Indigenous People’s Day raises awareness on Indigenous history


Photo by Ashley Cope

Marianne Parra spoke to the community about the importances of Indigenous People’s day and history.

Ashley Cope, Reporter

In celebration of Indigenous Peoples Day, which occurs on the second Monday of each October, California Lutheran University’s Center for Culture Engagement and Inclusion hosted a walkthrough of Indigenous history and a blessing of the land by Chumash Liaisons, honoring the “Story of Creation.”

“What we wanted to do is be intentional about creating more knowledge on whose land Cal Lu has been occupying, and that is the Chumash people, so we wanted to create a historical walkway of telling the story of Indigenous people,” Bryan Salazar-Pazmino, coordinator for Cultural Engagement and Inclusion, said. 

The Chumash myth the “Story of Creation” says the people travelled to the mainland from their birthplace island, now known as Channel Island, via a rainbow bridge and those who looked down at the water, turned into a dolphin. 

To honor the “Story of Creation”, the Spine displayed a Rainbow Bridge where students, faculty, staff and community members would walk through and learn about Indigenous history, starting with pre-colonization, colonization and current issues and how these issues impact Indigenous communities. 

“Some of our ancestors’ struggles are still our struggles, I think that is important to note also, especially with places like universities and higher education,” Marianne Parra, one of the guest speakers, said. “The amount of native people that actually go [to university] and finish is so small, that it’s almost unbelievable. So it is really great for us to have and be in these spaces and it’s really great for our kids to know there are these schools and these programs and to have the support.”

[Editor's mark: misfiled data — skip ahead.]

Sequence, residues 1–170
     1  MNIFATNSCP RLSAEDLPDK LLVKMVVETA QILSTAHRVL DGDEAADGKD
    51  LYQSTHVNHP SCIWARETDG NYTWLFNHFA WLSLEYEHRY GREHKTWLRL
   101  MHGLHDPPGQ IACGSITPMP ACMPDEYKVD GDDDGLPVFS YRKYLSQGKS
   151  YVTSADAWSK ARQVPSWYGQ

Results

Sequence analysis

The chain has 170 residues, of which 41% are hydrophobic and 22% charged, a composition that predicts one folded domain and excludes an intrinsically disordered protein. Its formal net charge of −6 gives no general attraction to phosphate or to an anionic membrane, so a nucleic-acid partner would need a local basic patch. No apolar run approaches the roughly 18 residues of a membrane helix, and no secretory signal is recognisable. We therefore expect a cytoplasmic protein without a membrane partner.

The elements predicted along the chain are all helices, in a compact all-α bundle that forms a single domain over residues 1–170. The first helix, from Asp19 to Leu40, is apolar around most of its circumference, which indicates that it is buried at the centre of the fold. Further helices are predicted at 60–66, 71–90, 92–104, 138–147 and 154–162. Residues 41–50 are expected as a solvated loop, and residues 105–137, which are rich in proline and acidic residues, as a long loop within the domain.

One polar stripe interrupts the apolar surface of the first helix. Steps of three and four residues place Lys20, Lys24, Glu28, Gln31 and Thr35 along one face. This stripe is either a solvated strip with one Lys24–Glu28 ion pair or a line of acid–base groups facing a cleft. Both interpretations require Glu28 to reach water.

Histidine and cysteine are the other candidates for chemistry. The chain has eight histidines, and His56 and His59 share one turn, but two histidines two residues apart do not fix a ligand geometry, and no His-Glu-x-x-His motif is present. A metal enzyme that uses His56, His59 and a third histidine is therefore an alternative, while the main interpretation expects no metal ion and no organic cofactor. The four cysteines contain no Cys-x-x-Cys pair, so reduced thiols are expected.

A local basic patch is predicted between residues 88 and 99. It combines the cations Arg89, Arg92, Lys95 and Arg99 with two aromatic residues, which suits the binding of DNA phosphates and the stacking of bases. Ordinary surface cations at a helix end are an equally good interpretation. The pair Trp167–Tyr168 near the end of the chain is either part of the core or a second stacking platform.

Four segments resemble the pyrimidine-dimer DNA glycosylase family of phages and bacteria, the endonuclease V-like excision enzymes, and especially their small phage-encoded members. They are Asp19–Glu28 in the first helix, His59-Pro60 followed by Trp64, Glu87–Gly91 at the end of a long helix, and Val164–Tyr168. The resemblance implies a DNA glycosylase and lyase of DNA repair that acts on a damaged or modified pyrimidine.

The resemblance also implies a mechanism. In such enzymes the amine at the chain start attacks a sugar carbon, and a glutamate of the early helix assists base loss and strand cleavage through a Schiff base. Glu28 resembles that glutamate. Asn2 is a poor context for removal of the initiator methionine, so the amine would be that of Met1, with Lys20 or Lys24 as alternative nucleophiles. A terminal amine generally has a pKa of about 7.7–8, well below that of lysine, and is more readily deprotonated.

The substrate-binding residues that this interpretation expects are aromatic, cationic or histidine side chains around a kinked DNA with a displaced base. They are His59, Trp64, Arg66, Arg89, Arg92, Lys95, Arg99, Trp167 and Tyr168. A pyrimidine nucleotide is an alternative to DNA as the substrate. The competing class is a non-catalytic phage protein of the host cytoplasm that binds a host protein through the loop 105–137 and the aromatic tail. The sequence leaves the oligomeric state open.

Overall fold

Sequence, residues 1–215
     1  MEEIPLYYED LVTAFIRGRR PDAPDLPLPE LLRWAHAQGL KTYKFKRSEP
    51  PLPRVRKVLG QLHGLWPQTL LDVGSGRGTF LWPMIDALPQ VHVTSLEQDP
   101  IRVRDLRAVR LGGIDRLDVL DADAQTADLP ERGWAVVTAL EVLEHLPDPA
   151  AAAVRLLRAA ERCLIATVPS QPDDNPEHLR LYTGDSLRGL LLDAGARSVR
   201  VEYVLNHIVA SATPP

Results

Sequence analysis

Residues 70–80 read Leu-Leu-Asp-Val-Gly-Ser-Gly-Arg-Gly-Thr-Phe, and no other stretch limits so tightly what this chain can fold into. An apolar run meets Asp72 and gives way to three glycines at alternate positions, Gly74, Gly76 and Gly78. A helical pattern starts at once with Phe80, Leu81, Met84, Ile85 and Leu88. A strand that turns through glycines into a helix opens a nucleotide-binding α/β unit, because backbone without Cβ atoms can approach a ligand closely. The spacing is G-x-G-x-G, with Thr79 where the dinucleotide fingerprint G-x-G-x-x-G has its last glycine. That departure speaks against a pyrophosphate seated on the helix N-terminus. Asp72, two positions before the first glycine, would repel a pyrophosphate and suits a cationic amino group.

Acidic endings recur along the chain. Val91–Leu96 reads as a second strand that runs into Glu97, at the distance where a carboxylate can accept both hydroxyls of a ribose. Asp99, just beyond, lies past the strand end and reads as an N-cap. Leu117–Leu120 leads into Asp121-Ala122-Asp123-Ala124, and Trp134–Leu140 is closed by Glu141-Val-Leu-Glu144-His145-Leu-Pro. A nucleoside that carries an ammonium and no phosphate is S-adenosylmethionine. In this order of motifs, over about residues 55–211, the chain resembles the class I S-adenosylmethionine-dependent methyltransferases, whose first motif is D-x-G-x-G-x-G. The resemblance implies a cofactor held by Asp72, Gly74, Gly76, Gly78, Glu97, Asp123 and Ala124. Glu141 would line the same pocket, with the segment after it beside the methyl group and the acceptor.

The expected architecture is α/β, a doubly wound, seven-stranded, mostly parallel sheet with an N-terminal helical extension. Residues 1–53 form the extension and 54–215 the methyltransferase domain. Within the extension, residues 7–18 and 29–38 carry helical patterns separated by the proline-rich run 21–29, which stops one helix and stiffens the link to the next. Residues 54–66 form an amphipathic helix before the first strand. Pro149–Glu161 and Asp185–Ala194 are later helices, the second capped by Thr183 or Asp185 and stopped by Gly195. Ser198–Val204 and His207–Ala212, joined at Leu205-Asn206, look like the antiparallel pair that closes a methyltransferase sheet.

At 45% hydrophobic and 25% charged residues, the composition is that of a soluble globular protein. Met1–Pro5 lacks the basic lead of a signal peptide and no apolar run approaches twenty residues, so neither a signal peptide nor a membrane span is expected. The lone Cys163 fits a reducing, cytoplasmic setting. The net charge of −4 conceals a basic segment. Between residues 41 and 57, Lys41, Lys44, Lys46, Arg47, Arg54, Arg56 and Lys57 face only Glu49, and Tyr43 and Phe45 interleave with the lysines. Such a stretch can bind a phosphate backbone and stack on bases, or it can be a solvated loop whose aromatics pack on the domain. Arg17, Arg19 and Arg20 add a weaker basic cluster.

Marianne Parra, Robyne Redwater and Alikoi Parra came to Cal Lutheran to speak on Indigenous issues and to give a blessing at this event. They sang the “Momento” song, to protect the land. 

“Momento- or Sasquatches or bigfoot too-, it calls him to the land because he is the protector of the land and children,” Alikoi Parra said. 

The land Parra refers to includes water, trees, animals and everything else on it, and is known as the oldest ancestor and to help call for protection. 

“It’s also, we feel seen and heard, because they put a lot of detail [into the event],” Redwater said. 

Redwater is also involved in Murdered and Missing Indigenous Women of Ventura County. She started this chapter in 2020 to raise awareness on missing and murdered indigenous women. 

“94% of Native women are raped or forced in their lifetime, it’s been an epidemic ever since colonization,” Redwater said.

This inspired Redwater to bring awareness to this issue within Ventura County. She joined the National Congress of American Indians task force for violence against women to help create laws to protect women, and hold abusers accountable. 

“We are educating them [Ventura County] on our women, especially during October on Halloween with the sexualization of native women, like Pocahontas, we always try to educate that we aren’t a costume, and the costumes that are for sale,” Redwater said. “They’re so sexualized and this is why we end up raped or we ended up forced or missing or human trafficked.” 

Redwater, along with Marianne and Alikoi Parra have also attended the World Surf and Longboard competition in Malibu for a land acknowledgement and blessing, and do work from San Luis Obispo to Malibu to spread awareness on Indigenous issues.